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A stroke occurs when blood flow to the brain is reduced or interrupted. The lack of oxygen flowing to the brain creates an immediate and potentially life-threatening situation, since brain cells start to die just minutes after the flow of blood is reduced. It has been estimated that there are 600,000 reported cases of stroke in the United States and it is the third leading cause of death. Even when a stroke does not result in death, its effects include paralysis, problems with speaking, and loss of motor skills and coordination.
There are two main causes of a stroke. The first occurs when an artery to the brain is clogged or blocked. This is known as an ischemic stroke and is the cause of 80% of all strokes. An ischemic stroke can often be treated with a drug that can dissolve the blood clots that are blocking the artery. However, medical treatment must take place within three hours of the start of the stroke and only three to five percent of patients reach the hospital in time to be eligible for this drug treatment. Therefore, it is very important that individuals know the signs of a stroke so they are able to take action as soon as possible.
The second cause of a stroke is a ruptured artery that breaks and leaks blood into the brain. This is known as a hemorrhagic stroke and occurs in approximately 20% of all stroke cases. As with an ischemic stroke, someone experiencing a hemorrhagic stroke requires immediate medical attention.
Because a stroke affects the brain, the person who is experiencing a stroke may be unaware that it is happening. The best chance for a stroke victim may be for those around the victim to know the signs of a stroke. Once the signs of a stroke are identified and recognized, medical treatment can be initiated. Symptoms of a stroke generally appear suddenly and quickly.
If any of the following signs of a stroke are observed, seek immediate medical attention.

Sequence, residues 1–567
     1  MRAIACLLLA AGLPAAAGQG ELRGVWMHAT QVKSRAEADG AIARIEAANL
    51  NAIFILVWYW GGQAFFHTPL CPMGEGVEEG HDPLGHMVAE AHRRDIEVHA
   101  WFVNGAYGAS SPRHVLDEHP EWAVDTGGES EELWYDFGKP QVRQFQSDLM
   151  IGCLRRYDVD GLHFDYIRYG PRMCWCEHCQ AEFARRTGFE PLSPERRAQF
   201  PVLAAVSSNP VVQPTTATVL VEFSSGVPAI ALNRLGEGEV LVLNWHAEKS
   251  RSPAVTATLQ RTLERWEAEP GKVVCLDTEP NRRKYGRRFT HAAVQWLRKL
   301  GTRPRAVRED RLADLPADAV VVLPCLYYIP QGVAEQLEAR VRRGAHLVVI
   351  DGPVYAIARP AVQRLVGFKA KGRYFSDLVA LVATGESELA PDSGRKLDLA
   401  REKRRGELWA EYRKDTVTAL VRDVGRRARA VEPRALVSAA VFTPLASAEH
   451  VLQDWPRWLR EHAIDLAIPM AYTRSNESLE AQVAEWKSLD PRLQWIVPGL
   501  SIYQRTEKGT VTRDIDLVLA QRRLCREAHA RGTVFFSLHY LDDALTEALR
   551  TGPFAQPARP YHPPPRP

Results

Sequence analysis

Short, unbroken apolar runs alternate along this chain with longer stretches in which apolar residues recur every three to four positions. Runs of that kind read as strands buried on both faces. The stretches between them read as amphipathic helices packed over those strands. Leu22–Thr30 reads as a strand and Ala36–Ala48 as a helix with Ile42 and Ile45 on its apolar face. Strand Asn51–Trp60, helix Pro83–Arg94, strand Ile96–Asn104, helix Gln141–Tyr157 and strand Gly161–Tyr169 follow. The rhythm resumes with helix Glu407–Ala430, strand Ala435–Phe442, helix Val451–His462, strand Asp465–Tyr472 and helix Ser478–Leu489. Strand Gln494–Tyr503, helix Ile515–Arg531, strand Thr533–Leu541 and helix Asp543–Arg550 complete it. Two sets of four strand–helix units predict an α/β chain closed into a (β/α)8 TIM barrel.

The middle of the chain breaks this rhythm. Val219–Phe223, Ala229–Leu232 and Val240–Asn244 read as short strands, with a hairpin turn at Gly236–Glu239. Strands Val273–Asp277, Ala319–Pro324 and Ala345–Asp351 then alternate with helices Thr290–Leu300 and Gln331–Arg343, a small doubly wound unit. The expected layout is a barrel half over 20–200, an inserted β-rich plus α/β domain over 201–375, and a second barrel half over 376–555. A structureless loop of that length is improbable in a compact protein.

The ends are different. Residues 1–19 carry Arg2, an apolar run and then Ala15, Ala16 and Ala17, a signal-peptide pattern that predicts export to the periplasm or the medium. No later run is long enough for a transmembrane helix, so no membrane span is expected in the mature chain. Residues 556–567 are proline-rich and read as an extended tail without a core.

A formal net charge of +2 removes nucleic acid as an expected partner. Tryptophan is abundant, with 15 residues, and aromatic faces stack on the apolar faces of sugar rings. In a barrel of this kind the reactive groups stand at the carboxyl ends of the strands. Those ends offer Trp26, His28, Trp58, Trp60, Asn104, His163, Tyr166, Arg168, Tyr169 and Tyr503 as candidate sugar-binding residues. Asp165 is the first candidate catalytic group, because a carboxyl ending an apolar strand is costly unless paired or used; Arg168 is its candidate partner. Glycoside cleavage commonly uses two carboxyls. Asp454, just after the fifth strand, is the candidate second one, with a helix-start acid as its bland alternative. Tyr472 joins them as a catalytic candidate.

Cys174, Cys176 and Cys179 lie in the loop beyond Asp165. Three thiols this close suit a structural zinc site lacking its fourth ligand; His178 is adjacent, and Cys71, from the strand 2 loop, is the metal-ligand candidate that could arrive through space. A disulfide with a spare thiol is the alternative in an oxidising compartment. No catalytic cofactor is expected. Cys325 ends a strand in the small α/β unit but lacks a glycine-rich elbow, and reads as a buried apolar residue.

• Numbness, weakness on the side of the face, arm or leg, especially when it affects one side of the body.
• Trouble walking, nausea, dizziness, or lack of coordination, motor skills and/or balance.
• Slurred speech and/or trouble speaking.
• Sudden severe headache.
• Sudden confusion and/or trouble understanding.
• Blurred, doubled vision and/or loss of vision.
While a stroke generally occurs without previous warning, one possible sign of an impending stroke is called a transient ischemic attack (TIA). During a TIA, a person experiences the same symptoms and signs of a stroke but the symptoms generally last for a shorter duration. While the signs of a TIA may disappear within a few minutes or a few hours, it is very important that the person who experiences a TIA see a doctor immediately as it may indicate an increased risk for a stroke.
It cannot be emphasized enough that if any of the symptoms and signs of a stroke are observed, medical help should be summoned immediately. Survival and successful recovery from a stroke are dependent on the speed in which the victim receives medical attention.
Apparently there is about a 90 minute time frame, from the start of symptoms to when the medical attention is given that will determine the outcome of the stroke.
If help is not given during that critical time, the result of the stroke might be permanent.
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